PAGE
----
Great Scott! Tom Holland, Robert Downey Jr appear in deepfake Back To The Future
The disturbingly realistic clip on YouTube is enough to make anyone go “I don’t feel so good…”
An unsettling deepfake clip of Tom Holland and Robert Downey Jr as Marty McFly and Doc Brown, respectively, from Back To The Future is making its way around YouTube, drawing lots of uncomfortable chuckles.
We get it – everyone loved the pseudo father-son relationship between the two as Iron Man and Spider-Man in the Marvel movies and was sad to see them part ways, but still, this takes things to a creepier level.
The clip, slightly over one minute and 20 seconds long, was uploaded by user called EZRyderX47 on Friday (Feb 14), and has since gotten more than 3.6 million views.
The scene takes place in Marty’s school, as he and Doc discuss how to get Marty's mother to be romantically interested in his father, one of the key plot points in the 1985 film.
If you remember, this is also the scene where Marty goes “Whoa, this is heavy” after realising his mother “has the hots” for him.
According to the video description, EZRyderX47 used two different software to create the video, DeepFaceLab and Hitfilm Express 13.
The clip was so realistic that one user commented: “And just like that, I can't believe anything I see ever again.”
EZRyderX47 had also previously uploaded another deepfake, this time with Marty McFly appearing as Tom Holland’s Peter Parker in Spider-Man: Far From Home.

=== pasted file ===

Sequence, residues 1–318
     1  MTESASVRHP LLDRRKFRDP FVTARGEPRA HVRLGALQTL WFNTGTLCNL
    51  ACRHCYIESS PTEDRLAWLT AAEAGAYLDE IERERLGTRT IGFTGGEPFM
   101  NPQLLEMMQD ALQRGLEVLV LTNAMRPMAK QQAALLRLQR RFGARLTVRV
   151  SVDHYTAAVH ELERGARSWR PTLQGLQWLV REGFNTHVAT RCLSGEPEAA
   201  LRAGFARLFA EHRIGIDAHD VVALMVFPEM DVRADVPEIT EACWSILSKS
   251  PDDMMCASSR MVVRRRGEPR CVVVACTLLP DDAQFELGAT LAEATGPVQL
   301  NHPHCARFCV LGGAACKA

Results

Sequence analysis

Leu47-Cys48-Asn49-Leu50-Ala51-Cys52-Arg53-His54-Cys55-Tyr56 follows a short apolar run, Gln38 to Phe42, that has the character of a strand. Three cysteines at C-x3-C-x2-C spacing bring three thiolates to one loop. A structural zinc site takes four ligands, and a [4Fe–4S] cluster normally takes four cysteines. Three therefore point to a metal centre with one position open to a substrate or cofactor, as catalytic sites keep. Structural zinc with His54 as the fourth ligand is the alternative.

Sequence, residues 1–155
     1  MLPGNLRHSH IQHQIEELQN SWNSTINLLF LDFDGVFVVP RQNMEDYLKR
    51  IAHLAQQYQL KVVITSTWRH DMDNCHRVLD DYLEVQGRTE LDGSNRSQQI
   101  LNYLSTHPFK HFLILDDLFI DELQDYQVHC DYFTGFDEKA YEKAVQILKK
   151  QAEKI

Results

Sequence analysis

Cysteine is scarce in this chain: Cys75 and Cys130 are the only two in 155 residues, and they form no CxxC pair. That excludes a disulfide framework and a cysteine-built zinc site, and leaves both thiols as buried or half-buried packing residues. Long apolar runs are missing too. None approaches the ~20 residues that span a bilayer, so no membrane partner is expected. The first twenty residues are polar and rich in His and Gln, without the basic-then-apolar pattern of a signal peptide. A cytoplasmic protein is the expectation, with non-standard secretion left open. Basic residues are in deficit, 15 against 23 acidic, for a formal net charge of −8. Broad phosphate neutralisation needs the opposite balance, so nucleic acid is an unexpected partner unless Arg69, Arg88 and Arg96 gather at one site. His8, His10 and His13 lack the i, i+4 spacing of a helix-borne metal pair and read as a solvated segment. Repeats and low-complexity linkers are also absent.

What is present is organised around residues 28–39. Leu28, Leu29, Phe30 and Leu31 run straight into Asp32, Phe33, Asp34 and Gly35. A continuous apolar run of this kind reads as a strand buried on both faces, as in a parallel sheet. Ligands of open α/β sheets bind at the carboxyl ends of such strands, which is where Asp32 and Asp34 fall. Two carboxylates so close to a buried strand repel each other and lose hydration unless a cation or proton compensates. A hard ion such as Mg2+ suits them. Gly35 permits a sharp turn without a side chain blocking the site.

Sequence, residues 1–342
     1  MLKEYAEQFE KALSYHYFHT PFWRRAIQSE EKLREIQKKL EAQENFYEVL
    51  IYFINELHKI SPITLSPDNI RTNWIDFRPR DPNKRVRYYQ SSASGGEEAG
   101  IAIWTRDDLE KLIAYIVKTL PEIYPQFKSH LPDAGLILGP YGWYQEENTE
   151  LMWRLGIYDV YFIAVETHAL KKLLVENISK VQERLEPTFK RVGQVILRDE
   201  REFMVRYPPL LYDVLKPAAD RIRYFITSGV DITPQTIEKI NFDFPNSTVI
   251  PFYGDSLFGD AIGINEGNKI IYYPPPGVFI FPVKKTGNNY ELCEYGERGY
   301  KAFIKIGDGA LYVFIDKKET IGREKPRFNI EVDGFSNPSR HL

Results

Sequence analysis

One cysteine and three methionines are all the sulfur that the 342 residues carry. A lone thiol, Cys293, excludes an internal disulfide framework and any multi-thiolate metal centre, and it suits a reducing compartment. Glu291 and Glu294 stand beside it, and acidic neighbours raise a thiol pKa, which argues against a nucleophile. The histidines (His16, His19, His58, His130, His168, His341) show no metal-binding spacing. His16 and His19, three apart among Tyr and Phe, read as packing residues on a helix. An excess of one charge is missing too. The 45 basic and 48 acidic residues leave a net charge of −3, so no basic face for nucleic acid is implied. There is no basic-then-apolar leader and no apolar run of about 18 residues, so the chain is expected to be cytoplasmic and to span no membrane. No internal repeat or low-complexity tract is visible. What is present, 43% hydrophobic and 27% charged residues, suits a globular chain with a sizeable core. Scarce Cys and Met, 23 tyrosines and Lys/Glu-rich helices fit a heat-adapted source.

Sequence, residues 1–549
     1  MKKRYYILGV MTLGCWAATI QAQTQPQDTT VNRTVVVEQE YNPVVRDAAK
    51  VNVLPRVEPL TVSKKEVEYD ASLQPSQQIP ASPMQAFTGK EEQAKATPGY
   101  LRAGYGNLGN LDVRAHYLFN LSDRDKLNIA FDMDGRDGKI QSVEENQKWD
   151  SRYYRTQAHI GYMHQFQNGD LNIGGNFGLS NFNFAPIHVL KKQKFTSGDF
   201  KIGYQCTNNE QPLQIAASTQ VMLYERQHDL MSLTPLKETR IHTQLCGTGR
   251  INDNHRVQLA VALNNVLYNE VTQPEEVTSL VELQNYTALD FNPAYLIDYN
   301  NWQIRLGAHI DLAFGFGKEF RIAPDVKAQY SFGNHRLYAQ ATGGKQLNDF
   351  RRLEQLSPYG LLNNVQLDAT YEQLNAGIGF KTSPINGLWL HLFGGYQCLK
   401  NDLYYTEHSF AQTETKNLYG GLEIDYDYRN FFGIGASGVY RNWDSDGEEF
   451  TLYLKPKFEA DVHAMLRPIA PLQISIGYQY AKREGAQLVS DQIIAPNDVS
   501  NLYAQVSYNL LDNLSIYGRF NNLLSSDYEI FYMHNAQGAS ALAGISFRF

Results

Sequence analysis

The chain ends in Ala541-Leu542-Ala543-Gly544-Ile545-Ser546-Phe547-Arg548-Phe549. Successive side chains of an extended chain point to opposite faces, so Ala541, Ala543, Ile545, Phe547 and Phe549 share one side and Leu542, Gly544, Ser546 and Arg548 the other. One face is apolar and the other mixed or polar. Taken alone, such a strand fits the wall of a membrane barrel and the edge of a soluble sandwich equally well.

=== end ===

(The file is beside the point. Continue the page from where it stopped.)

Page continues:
Meanwhile, Downey has also had his face replaced by Tom Cruise using the same technology (not the Mission: Impossible method). This was likely because rumours had previously circulated that Cruise was high on the list of actors to play Tony Stark before RDJ got the role.
While the clip is still somewhat amusing, deepfake technology itself has been mired with troubling implications.
Because the software swaps out one person’s likeness for another, it is basically equivalent to visual forgery, and has seen troubling uses in the form of hoaxes and fake pornography.
In the US, legislation has already been introduced in order to combat the proliferation of deepfakes, and China has also made it compulsory to indicate if a video is a deepfake, failing which the uploader will be prosecuted.
Watch the clip for yourself to see how realistic it is.